By Stephen Young
By Stephen Young
By Stephen Young
By Jim Schutze
By Rachel Watts
By Lauren Drewes Daniels
Dear Mexican: I just read that Speedy Gonzales is getting his own feature film and will be voiced by George Lopez. I read in The Hollywood Reporter that Lopez said he gave Speedy his "Latino Seal of Approval." Who grants this seal? What does it look like? And how did Lopez get it?
—Hija of the MiscegeNation
Dear Wabette: Isn't it nice to know that Mexicans in Hollywood, once they reach a modicum of success, become as hackish and hackneyed as their gabacho counterparts? Sorry to sound so whiny, but shame on Lopez for bringing back Gonzales. For starters, only Mel Blanc and his imitators are allowed to voice Speedy—Lopez's gravelly voice will turn the mouse's high-pitched voice into a cacophonous bola de caca. Lopez also shows that, by resurrecting Speedy from the celluloid graveyard, he'd rather rip off the works of others than try to give young Latino talent a chance, just like Sandra Bullock gave Lopez a shot with his eponymous sitcom so long ago. Finally, the assurances by Lopez and his wife that their Speedy film won't showcase the "racist" Speedy proves not only that the two are PC pendejos, but pendejos, period. As the Mexican has written before in this columna multiple times, Speedy Gonzales cartoons were not racist depictions of Mexican culture but rather clever allegories in which the seemingly dumb Speedy—standing in for mexicanos—consistently outwitted the dumb gabachos portrayed by Sylvester the Cat and, occasionally, Yosemite Sam. You want stereotypical depictions of Mexicans? Tune into Lopez Tonight.
In Mexican culture, do you know of any special significance attached to a woman giving a lock of her hair to a man as a gift?
Dear Newly Hairy Gabacho: If you can't get that a mujer giving you a lock of her hair wants you, then you probably thought she wanted you to use it as a mustache. No seas pendejo.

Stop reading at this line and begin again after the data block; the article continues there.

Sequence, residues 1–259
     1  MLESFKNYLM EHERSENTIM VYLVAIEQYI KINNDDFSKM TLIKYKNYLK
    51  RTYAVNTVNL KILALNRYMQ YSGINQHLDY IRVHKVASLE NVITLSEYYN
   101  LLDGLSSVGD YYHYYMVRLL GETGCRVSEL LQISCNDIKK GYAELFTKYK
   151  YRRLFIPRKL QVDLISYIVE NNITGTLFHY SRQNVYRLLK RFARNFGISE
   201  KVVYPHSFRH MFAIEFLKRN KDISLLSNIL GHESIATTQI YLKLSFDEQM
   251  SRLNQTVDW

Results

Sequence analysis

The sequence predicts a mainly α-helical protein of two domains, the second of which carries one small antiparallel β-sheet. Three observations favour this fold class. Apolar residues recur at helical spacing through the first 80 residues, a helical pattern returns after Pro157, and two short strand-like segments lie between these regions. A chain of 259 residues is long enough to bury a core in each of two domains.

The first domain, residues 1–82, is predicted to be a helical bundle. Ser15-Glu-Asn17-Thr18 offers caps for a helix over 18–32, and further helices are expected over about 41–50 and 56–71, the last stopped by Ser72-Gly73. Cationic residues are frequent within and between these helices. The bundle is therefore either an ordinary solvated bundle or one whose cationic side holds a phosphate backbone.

This column—although very intelligent and respected for the knowledge that the answers or responses are derived from—I find it very degrading to the Mexican culture. The broken Spanish is very New Mexican. I believe that throwing in some Spanish words here and there teaches the use of improper English, and I think it's you that will set an example for the Mexican people that read your column. They should get to see that there are intelligent Mexican people who learned the English language and master two languages rather than running it all together and sounding ridiculous as well as feeding the "Mexican" stereotype.
—Custodian of Cervantes
Dear Wab: Roto Spanish, muy New Mexican? Yo thought era Tex-mexicanos who hablar Spanglish very mucho. Spanglish es the modo where yo can enseñar my facilidad with las two idiomas, fucking pinche asshole pendejo loser. Besides, más better a show gabachos that mexicanos can usar two lenguas instead que just una—and también elite fresas like usted.
REMEMBER: Keep sending in those anti-Mexican regional ethnic slurs! The best one I've received so far: fronchi, what folks in El Paso call unassimilated Mexicans. It's an acronym of Frontera Chihuahua.
CONFIDENTIAL TO: the Dallas reader who sent me a page filled with photocopied, carefully cut out mug shots of Latino-surnamed pedophiles with the note, "It's nice how illegal Mexicans love children, isn't it? Just the tip of the iceberg in Dallas. What say you, Mexican?" I say: You obviously didn't read the column in which I pointed out the Bureau of Justice's stats show white men are twice more likely to commit sexual assaults than Mexican men. Also, how can you tell they're illegal Mexicans? Just because of their surnames? You know what they say about assumptions—they make a güey out of you and tú!